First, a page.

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DEEP WEST @ Four5Nine gets 7.5/10

Deep West @ Four5Nine
w/ The Spring Peaks, Trails End, Turtle Bay Television

Friday, June 23, 2017


In any given corner of the local music scene there’s any number of scenes within a scene. Take Perth band The Chlorines, who release their debut album in a week and starred at the recent RTRFM Fremantle Winter Music Festival.

The members in and around that band have been countless others, past and present. Rich Widow, MORALS, Trails End and now Deep West, just to name a few. Two of these were on display at Four5Nine at the Rosemount Hotel last Friday, including Deep West for an EP launch and first ever gig.

Turtle Bay Television opened the evening in fine fashion. Their sound was a unique blend of post-punk and dream pop with 90s guitar lines. Subtle synth patterns were weaved into the tracks as frontman Thomas Cockram’s deep and expressive voice demonstrated both conviction and a sense of playfulness strolling somewhere between Joy Division and the Magnetic Fields. Recent single Horror Movie was a highlight of the set, but in truth the rest of their songs were just as enjoyable.

Led by frontman Louis Best’s honeyed voice, Trails End were the discovery of the night for this writer. There was ambition at play as guitars and keys built around the songs. Closer Johnson Family, with a nod to William Burroughs, grew to a big finale as lead guitarist (and Chlorines frontman) Owen de Marchi climbed the neck of his axe for a satisfying pay off.

The Spring Peaks are going places fast, and have quickly moved from opening bills to headlining their own launches and, on this night, playing main support. It’s easy to hear why in the jangle of their indie pop with nods to Mac DeMarco’s guitar tones and Real Estate’s sense of melody. Supermarket was the familiar hit but it was closer Strung Out that provided the most energy – look out for it on an EP co-produced by Sam Ford (Sugar Army, Gunns) coming soon.

Deep West

An unknown quantity live, headliner Deep West kicked off with an acoustic set from songwriter and frontman Brayden Edwards. Despite revealing this was due to the band having a limited repertoire, it was a nice touch given this was Edwards’ night. Delving into his back catalogue for a couple of tracks from previous band Rich Widow, what was immediately obvious was how his deep, rich voice carried the songs, particularly in these stripped back arrangements.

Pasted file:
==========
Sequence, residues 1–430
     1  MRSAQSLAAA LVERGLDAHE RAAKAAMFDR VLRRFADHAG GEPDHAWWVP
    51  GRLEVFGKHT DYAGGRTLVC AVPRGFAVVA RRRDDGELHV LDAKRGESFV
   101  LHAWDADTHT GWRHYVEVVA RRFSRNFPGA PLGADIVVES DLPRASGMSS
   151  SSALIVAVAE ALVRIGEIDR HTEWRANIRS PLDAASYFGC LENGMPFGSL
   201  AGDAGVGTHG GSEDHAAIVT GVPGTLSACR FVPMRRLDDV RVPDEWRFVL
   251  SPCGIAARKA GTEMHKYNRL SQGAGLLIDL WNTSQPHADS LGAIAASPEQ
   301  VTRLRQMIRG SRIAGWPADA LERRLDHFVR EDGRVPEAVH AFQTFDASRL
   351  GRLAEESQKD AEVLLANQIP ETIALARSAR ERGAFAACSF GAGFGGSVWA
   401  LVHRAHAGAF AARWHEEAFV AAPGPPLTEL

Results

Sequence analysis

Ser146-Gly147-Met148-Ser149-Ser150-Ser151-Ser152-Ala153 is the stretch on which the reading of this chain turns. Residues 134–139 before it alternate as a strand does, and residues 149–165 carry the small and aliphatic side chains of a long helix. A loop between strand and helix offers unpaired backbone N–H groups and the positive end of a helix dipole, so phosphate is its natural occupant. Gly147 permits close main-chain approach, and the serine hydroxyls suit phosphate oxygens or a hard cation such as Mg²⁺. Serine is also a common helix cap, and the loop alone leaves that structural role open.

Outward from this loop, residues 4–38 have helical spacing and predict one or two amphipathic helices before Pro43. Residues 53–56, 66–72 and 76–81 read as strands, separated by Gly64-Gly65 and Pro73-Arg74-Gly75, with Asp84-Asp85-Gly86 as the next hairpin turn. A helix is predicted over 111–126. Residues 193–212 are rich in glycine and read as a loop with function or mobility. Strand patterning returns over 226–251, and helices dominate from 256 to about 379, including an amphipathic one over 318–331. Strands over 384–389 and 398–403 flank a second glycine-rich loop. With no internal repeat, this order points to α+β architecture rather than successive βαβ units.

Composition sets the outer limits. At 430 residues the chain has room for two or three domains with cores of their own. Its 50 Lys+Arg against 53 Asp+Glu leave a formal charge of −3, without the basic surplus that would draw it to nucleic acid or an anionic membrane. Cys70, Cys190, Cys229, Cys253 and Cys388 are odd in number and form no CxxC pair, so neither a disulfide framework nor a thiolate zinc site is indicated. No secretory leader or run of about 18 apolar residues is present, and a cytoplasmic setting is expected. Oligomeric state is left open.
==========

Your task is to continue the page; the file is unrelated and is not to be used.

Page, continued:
Deep West

With Trails End joining as a backing band soon after, Edwards took us through his self-titled EP start to finish from there (in a nice touch it was being given away free on the door). A mix of Australiana, Americana and good old fashioned FM radio twang a la The War On Drugs was present on opener The Standard Model.

Deep West

His best track Kuranda followed, and laying on the Australian charm it told the tale of a far north Queensland wedding in the titular town of the title. It’s a stunning song, and segued nicely into an extended piano intro for Feeding Time, a ballad that featured lovely backing vocals from Trails End frontman Best.

Deep West

The best was saved for last however, with Diversion really showing off the loneliness in Edwards’ observational lyrics (“My brother lives in Queensland/ My sister lives down south”), carried by an incredibly deep voice that stirred the soul. At times it was like The National’s Matt Berninger fronting The Drones.

Pretty good for a first gig.


Photos by Anthony Jackson

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